Tel Aviv Seafront Apartment Sells for NIS 81.5m

Despite a few big sales, the luxury market is in retreat; foreign buyers no longer prepared to pay whatever it takes to snag what they want.

Arik Mirovsky
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Arik Mirovsky

The highest-priced residential real estate sale in Israel for the first half of the year came in June, with the purchase of a 10-room apartment on the 17th floor of developer Henry Taic's David Promenade Residences project on the Tel Aviv waterfront. The 612-square meter apartment sold for NIS 81.5 million. And the buyer's family shouldn't have a problem finding parking, because the apartment in the 26-story project comes with four parking spaces.

In general, the luxury residential deals that have been sealed this year are small potatoes compared to record prices from prior years, in which there were properties sold for more than NIS 100 million. It would appear that the highest-end market - housing selling for more than NIS 10 million - is in retreat, perhaps because demand by foreign buyers has slowed. They are no longer willing to pay whatever it takes to snag a luxury unit.

It was pretty much business as usual in June when it came to sales of apartments in luxury high-rises in Tel Aviv and at new top-end projects being built in Jerusalem.

The second-highest price for the month was at the Waldorf Astoria hotel and apartment complex on Jerusalem's Agron Street, a few blocks from the Old City’s Jaffa Gate. A nine-room, 408-square meter apartment there sold for NIS 26.3 million. In third place for the month pricewise was a third floor, seven-room 295-square meter unit on Jerusalem's Hatayasim Street, west of the city center, which went for NIS 11.1 million.

Fourth spot was back at the David Promenade Residences, for a three-room, 99-square meter 11th floor apartment that was purchased for NIS 9.49 million, followed by a seven-room, 294-square meter unit on Gad Street in Jerusalem that sold for NIS 9.48 million.

On Eliyahu Berlin Street in Tel Aviv, in a new part of Ramat Aviv Gimel, a 206-meter 11th-floor penthouse fetched NIS 7.8 million. And a 240-square meter home on Einstein Street in Herzliya Pituah went for NIS 6.7 million.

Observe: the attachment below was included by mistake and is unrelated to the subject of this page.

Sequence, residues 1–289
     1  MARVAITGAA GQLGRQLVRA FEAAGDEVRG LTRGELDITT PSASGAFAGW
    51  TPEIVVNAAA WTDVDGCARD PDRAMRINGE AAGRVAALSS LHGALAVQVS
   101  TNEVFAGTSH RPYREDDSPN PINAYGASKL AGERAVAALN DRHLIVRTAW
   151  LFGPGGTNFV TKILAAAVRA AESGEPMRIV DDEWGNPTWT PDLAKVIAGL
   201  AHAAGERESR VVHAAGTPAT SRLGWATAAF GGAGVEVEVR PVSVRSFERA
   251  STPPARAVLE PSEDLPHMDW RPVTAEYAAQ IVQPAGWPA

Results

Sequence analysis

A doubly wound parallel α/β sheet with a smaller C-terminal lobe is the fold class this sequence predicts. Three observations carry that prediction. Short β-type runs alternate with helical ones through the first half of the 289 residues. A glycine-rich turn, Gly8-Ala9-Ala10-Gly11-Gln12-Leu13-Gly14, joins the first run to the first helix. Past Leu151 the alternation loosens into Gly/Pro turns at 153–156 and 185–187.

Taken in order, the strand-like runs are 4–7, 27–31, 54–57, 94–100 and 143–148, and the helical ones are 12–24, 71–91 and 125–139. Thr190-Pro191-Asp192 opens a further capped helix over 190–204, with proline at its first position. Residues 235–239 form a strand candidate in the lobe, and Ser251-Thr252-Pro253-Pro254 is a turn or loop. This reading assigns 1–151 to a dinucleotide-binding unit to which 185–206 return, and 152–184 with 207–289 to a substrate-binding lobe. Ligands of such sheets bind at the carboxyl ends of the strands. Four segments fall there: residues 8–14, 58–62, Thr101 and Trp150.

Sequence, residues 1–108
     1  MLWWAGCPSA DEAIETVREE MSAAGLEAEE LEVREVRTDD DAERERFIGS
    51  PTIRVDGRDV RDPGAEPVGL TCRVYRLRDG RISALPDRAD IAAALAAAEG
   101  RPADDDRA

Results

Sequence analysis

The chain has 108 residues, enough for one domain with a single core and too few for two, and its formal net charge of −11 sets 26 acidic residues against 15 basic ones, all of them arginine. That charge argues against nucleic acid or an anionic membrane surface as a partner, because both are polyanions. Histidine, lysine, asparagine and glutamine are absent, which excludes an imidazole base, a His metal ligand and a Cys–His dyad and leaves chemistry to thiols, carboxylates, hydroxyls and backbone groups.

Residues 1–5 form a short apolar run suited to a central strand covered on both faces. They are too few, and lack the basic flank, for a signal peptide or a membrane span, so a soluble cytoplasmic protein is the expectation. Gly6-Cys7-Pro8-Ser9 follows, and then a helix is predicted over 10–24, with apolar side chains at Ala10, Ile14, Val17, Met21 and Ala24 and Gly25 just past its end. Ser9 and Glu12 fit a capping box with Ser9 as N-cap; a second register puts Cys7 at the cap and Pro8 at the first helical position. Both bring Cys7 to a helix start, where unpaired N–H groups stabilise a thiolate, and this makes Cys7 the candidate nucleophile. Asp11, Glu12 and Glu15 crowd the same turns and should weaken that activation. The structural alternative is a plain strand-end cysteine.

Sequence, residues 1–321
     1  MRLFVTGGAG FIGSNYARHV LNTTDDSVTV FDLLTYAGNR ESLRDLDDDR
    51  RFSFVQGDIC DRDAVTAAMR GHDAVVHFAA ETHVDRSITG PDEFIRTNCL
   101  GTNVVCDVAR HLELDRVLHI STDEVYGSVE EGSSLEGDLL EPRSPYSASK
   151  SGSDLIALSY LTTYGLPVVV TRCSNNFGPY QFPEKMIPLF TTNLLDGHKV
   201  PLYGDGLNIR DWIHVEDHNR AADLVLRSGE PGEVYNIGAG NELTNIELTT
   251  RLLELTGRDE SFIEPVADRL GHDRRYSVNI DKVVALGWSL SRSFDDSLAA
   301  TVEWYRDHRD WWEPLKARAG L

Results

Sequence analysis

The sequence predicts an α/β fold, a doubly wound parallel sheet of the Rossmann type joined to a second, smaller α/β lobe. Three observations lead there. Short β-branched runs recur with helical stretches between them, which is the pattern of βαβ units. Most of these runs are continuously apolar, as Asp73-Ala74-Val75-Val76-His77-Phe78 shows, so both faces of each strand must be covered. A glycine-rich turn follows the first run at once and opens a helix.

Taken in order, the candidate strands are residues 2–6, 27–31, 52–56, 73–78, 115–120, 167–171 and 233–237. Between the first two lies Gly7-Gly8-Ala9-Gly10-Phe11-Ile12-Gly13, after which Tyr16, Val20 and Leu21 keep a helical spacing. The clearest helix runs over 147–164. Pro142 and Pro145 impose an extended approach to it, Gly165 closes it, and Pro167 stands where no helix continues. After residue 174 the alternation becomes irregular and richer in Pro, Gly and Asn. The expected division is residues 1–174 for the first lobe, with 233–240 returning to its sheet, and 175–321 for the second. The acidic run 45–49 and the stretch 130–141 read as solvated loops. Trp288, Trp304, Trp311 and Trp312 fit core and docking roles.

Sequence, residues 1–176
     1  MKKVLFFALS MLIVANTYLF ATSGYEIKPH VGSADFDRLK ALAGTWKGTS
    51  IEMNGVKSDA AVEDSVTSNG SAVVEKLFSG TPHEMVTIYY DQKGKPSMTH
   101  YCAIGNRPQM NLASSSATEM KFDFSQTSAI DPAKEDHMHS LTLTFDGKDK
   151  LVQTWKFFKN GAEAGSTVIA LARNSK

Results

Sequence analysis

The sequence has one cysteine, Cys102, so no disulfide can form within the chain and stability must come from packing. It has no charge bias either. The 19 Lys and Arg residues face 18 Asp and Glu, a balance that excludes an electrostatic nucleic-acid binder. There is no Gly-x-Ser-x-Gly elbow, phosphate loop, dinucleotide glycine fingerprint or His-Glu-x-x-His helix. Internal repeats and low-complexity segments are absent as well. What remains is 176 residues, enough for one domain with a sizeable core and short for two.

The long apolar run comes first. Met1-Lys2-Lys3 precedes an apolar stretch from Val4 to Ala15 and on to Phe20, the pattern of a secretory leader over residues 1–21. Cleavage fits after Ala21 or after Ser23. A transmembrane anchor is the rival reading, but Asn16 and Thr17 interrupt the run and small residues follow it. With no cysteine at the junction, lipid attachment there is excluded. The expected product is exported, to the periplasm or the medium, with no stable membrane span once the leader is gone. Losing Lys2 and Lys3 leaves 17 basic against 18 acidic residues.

The luxury market is not confined to Tel Aviv and Jerusalem. In Ashdod, for example, although the city itself is not considered a high-end location it has its share of luxury housing that attracted a large number of foreign buyers - particularly in the years between 2005 and 2007 - in the Marina district, where the sea view and proximity to the water were the drawing cards. Home prices in the neighborhood took off. This year, during the month of June, a 160-meter garden apartment was sold on Egoz Street, not far from the water, for NIS 5.55 million.

A six-room penthouse in a new project in the Tel Aviv suburb of Givatayim sold for NIS 5.3 million, and in Maccabim-Reut, which is between Tel Aviv and Jerusalem, an eight-room 261-square meter house was purchased for NIS 4.6 million. On Moshav Ein Vered, in the Sharon region east of Netanya, a six-room house of similar size went for NIS 4.5 million.

Like Ashdod, Bat Yam - just south of Tel Aviv - has attracted its share of overseas buyers seeking property near the city's seafront promenade. A five-room unit on the 31st floor of a new 42-story tower near the water sold for NIS 4.33 million. A six-room house in the Neveh Dekalim neighborhood in the western part of Rishon Letzion went for NIS 4.2 million.

Next on the list for June was a 125-square meter garden apartment on Shlomtzion Hamalka Street in Haifa's Carmeliya neighborhood, that sold for NIS 3.05 million. Although this was the most expensive sale in Haifa for the month, there were other residential units there that sold for substantially more in prior months.

Finally, prices in Be'er Sheva have been on the upswing. In contrast to the past, when the top prices for apartments in the Negev capital were for units with their own private patch of land, in June the two most expensive residential sales were for two six-room, 167-square meter apartment units in a new 17-story apartment tower opposite the Ben-Gurion University of the Negev, each of which sold for NIS 2.29 million. Such prices were unheard of for high-density housing in Be'er Sheva until recently.

A luxury apartment building in Tel Aviv. Overseas buyers are snapping up apartments to escape paying taxes on undeclared funds. Credit: Viewpoint
Jerusalem Waldorf Astoria Hotel under constructionCredit: Emil Salman

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